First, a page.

American Visionary Arts Museum rocks!

21 Oct

AVAM building

If you are ever in Baltimore (or even nearby), you must go to the American Visionary Arts Museum, affectionately referred to as A-VAM by locals. It has the most eclectic collection of modern art I’ve ever seen, the common denominator being fun. From Brian Dowdall’s colorful Baltimore Beasties in the basement to the kinetic sculptures to the wedding altar in the garden, there is much to engage the senses for young and old alike.

Kylie inside wedding altar @AVAM

Kylie sits in the wooden meditation chapel/wedding altar built by Ben Wilson.

Most popular with the youngest attendees we saw was the exhibit on flatulence, where one young girl took great delight in pushing the button that created various fart noises. (Luckily, it was not equipped with smell-o-rama technology.)

An amazing coincidence occurred in the Tall Sculpture Barn. I was reading the explanatory plaque about the roughly five-foot tall ball of bras and discovered that it was created by local East Bay artist Emily Duffy, the daughter of my good friend Evey!  I’d met Emily completely separately from her mom in the “How Berkeley Can You Be?” parade several years ago when I was driving our toy-covered Dodge Colt, while she drove her Mondrian car and wore a matching dress.

AVAM duck sculptureWe weren’t allowed to take photos inside the museum, so I can’t show you the bra ball here. But it looks pretty much the way you would imagine a huge ball of bras to look.

One of my favorite exhibits was their collection of whimsical miniature mechanical pieces that were operated by a button. AVAM hat

And it has the best museum gift shop—full of inexpensive, funny, and unusual items including jewelry, hats, books, and much more. I  bought a scarf and a mood ring. Dave bought several postcards. And the three of us got matching AVAM hats!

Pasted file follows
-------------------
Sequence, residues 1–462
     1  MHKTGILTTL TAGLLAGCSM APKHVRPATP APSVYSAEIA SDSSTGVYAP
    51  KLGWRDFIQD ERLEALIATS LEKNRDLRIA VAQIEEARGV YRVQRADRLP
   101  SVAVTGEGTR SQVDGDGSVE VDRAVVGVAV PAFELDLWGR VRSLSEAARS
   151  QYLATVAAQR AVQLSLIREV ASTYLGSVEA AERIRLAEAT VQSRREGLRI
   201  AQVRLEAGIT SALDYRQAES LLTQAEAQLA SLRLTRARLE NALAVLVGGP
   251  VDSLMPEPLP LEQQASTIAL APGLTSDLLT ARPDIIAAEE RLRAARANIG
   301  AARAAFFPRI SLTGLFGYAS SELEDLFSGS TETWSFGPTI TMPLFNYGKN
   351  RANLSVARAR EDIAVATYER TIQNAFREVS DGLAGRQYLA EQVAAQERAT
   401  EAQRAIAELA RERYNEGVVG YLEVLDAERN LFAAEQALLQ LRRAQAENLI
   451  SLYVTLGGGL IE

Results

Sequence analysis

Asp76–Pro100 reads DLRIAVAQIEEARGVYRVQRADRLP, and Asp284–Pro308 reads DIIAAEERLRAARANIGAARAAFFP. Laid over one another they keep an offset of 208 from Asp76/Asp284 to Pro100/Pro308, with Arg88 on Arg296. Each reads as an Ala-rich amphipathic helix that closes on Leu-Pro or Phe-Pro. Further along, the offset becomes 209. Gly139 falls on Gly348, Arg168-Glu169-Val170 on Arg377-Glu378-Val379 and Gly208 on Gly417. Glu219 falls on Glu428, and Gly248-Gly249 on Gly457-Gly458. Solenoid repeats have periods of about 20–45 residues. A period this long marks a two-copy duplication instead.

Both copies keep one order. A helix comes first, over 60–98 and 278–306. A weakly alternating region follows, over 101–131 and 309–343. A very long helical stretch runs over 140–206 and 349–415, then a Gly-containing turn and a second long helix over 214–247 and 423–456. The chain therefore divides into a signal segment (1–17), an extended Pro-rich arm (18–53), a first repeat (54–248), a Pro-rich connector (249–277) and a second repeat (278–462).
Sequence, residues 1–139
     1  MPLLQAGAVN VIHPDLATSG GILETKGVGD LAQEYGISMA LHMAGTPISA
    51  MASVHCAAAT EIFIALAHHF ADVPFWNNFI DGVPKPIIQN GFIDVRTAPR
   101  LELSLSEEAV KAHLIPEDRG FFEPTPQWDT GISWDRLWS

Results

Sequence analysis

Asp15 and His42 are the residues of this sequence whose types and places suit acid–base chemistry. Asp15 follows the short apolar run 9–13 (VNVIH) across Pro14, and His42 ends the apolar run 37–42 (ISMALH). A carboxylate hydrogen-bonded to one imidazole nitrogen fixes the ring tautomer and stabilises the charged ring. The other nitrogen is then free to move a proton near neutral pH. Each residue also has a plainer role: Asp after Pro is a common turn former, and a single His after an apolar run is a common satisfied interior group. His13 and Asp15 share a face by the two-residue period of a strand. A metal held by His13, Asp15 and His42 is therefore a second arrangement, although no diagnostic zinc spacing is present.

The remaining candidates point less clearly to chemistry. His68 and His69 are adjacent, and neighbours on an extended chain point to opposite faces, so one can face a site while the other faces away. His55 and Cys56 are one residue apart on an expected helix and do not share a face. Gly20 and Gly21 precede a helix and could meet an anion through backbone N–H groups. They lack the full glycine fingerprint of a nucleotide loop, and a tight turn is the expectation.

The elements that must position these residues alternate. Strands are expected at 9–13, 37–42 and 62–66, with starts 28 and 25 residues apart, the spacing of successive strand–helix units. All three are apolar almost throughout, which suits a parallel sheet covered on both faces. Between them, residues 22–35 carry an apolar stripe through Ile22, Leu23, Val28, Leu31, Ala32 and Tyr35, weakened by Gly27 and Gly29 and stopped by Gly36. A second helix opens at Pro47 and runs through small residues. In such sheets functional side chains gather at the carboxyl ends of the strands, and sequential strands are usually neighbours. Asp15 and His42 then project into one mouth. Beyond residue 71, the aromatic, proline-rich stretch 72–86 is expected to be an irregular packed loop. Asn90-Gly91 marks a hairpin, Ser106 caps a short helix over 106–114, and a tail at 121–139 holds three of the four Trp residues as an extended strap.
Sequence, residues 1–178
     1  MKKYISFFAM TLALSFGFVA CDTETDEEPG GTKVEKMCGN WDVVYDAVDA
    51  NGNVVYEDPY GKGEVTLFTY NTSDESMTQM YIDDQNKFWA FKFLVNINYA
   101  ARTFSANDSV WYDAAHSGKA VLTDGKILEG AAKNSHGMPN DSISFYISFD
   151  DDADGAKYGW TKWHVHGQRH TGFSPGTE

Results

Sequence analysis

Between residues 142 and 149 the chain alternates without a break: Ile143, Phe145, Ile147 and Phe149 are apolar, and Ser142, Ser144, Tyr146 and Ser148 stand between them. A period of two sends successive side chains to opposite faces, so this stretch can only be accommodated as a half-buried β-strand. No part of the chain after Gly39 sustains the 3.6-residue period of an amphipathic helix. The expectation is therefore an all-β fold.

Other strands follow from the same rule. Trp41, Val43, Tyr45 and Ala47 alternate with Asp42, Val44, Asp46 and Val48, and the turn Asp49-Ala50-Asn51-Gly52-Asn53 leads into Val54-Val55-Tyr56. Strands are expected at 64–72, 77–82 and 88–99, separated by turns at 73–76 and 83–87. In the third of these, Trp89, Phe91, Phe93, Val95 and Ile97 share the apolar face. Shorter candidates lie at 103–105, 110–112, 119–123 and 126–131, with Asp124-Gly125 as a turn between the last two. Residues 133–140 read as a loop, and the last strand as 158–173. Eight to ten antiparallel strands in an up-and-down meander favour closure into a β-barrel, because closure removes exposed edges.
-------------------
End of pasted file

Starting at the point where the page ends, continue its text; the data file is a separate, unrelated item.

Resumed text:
We happened to arrive at the museum on a day when the power had gone out on two of the floors, so we were admitted free of charge! Although we were limited as to what we could see, we were still there for a couple of hours, and I left completely satisfied. I would definitely go again.

For more info on AVAM, go to

Baltimore is full of surprises!

17 Oct

Bmore Hamden Love

Baltimore appears to be a city of a thousand faces. Ask a native to give you the quintessential B’more tour, and you’re likely to get itineraries as varied as the people you ask. Clearly three days is not enough time to really do Baltimore, but it has allowed us to dip our toes into the world of our 21-year old daughter, who loves her home away from home.

Photos will go a lot further in describing this Maryland city than mere words, so I present a sparsely narrated photo essay of one mother’s experience of Baltimore.

Bmore Hamden huns

These ladies represent the beloved Hons, who pop up everywhere, though their presence in the Hamden neighborhood seemed particularly abundant.

Cafe Hun in Hamden

We didn’t actually go in Café Hon (also in Hamden), but I enjoyed the outer décor.

Natty boh utz girlApparently there is a romance between two ubiquitous Baltimore icons—Natty Boh, the mustachioed mascot for the beer National Bohemian, and the Utz chips girl. If this is true, I suppose that one day they will produce beer-flavored chips.

SWAT wedding party